The paper offers an overview of the history of frameworks from standard-setting before the advent of frameworks to the present state of play in the IASB's project on the conceptual framework. The authors explain that the introduction of frameworks has a disciplining effect on standard-setters leading to improved consistency by providing them with a common frame of reference for their decision-making, but also to the fact that standard-setters can now be held accountable for their decisions. They have also given practitioners deeper understanding of standard-setters' decision-making and a fallback solution for issues not dealt with in standards.
However, to fulfil such an important role a framework must be complete and up-to-date, which, as the reactivation of the IASB's project has shown, is not the case with the current IASB Framework. In their paper, the authors list the areas where the framework is incomplete or needs revisions. They especially discuss the following areas which are mostly commonly agreed by constituents (and the IASB):
- Reporting entity,
- Definition of elements,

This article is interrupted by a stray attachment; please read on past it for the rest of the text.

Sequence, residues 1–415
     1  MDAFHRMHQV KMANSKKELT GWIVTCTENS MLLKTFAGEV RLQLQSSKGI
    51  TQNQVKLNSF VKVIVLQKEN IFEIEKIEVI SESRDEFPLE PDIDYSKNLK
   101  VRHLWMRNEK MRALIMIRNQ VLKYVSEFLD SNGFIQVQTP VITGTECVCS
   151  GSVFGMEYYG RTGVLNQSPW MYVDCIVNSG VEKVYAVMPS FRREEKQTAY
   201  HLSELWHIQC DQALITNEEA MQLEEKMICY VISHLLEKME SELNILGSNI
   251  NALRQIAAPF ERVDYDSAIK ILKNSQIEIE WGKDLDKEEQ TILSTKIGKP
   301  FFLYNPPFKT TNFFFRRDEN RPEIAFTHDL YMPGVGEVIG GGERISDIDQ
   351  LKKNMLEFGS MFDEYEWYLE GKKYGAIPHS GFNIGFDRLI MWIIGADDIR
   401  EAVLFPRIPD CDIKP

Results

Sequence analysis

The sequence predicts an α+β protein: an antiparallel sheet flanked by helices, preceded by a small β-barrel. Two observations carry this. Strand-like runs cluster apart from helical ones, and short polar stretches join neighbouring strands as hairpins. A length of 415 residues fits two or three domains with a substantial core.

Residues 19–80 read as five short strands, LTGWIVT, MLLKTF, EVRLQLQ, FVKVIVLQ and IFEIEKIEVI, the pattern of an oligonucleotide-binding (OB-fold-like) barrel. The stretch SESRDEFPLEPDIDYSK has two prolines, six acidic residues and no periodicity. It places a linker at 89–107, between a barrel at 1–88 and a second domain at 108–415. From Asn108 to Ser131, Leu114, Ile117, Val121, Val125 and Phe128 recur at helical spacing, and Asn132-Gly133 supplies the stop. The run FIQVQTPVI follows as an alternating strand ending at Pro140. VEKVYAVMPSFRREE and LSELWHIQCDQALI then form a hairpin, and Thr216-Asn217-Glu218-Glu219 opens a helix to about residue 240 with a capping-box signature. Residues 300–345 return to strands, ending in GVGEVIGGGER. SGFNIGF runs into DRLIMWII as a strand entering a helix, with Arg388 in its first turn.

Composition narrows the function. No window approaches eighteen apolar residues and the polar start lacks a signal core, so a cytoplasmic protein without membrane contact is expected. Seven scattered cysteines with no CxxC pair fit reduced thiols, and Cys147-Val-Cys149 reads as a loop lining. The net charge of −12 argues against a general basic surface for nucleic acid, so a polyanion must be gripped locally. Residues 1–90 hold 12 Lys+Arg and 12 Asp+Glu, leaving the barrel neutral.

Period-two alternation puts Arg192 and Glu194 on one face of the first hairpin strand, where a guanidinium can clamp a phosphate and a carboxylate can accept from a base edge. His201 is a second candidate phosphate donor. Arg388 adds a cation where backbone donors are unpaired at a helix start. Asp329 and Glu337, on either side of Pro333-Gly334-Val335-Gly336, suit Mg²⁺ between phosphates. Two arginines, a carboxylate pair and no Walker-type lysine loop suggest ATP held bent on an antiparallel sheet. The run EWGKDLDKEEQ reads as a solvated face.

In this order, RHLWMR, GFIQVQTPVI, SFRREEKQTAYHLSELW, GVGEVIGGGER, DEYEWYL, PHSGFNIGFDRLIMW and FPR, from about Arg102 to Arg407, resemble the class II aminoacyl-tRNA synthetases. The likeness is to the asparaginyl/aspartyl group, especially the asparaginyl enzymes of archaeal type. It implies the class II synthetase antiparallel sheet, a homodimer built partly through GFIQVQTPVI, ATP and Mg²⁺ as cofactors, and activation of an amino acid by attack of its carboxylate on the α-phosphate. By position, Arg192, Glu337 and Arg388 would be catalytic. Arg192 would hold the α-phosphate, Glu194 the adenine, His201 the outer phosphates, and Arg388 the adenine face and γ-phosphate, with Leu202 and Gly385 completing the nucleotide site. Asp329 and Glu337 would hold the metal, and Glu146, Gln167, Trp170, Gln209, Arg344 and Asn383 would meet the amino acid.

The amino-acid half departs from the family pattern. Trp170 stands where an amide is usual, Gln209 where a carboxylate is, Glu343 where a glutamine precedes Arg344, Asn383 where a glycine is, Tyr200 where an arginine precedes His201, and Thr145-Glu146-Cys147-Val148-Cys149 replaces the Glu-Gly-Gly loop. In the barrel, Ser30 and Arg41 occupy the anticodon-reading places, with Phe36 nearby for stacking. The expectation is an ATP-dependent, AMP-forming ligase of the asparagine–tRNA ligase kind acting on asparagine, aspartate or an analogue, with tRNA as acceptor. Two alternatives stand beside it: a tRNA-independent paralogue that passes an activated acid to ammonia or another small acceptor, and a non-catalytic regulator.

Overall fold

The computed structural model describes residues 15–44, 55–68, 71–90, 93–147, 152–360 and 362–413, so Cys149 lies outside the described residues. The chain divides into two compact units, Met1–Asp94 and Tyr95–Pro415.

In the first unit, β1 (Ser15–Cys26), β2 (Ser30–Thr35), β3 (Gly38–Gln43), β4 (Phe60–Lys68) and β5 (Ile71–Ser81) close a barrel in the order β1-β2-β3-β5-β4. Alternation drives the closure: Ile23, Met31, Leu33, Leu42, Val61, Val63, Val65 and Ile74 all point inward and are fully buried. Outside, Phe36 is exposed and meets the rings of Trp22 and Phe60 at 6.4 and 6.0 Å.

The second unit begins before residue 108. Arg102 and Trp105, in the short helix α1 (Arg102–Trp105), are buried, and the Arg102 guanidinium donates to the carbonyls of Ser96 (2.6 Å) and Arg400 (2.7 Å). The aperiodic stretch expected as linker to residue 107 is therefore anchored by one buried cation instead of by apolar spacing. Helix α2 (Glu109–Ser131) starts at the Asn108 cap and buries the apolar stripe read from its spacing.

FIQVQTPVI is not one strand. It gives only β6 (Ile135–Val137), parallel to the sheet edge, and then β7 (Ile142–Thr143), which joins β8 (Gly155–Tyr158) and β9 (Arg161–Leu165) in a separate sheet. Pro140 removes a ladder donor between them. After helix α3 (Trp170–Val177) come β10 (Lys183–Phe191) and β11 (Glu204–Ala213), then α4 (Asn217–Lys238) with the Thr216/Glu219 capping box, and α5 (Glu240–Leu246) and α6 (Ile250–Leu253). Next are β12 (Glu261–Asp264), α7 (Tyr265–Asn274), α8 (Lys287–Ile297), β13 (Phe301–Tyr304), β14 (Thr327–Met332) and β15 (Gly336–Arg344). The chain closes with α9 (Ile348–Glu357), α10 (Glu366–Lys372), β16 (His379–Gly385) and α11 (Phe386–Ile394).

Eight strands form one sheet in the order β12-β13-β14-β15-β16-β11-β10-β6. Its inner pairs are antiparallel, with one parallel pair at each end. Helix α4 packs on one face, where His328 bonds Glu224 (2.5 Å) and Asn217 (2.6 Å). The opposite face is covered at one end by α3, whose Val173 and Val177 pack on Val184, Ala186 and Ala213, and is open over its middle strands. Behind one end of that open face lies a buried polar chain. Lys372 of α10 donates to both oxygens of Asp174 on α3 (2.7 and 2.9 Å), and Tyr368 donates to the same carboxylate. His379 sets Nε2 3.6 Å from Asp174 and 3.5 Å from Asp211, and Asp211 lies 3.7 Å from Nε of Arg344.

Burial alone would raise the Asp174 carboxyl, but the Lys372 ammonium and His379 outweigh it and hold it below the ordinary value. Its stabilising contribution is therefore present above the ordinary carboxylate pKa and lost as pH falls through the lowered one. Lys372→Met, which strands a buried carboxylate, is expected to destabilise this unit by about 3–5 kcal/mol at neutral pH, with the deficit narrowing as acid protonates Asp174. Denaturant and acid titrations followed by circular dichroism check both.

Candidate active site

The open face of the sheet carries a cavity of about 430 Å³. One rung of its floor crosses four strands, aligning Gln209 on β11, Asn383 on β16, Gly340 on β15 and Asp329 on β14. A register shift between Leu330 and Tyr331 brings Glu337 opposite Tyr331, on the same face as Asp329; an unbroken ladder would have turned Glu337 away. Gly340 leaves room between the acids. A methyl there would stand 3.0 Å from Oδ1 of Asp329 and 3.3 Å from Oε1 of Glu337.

- Measurement of elements,
- Scope of financial reporting, and
- Presentation and disclosure.
Yet while identifying specific areas and even specific desirable qualities, the most urgent call of the paper is for the new framework to be aspirational and not just a confirmation of the status quo of standard-setting and of the current application of the standards.
Conceptual frameworks have traditionally been viewed by standard setters as aspirational documents, setting the direction for reform of financial reporting while acknowledging that at any point in time the ‘conceptually correct’ approach may not be achievable at a standards level. If financial reporting is to continue to evolve and meet the needs of the users of financial statements, it is important that this continues to be the case. There will always be a temptation when standard setters revisit the conceptual framework to see it as an opportunity to justify previous decisions at a standard setting level that, at the time, were driven more by compromise and pragmatic solutions than underlying concepts. Such re-engineering would undermine the integrity of the conceptual framework both as a vehicle for facilitating the development of new ideas by the standard setter at a standards level and as vehicle for holding the standard setter accountable for its decisions.
We are grateful to Mr McGregor and his co-author Ms Jan McCahey for allowing us to host this paper on IAS Plus. Please click for access to the full paper.
Mr McGregor is also the author of the recent AASB Occasional Paper No. 1 Liabilities – the neglected element: a conceptual analysis of the financial reporting of liabilities, which will form the basis of discussion of liabilities in the context of the conceptual framework at the upcoming ASAF meeting.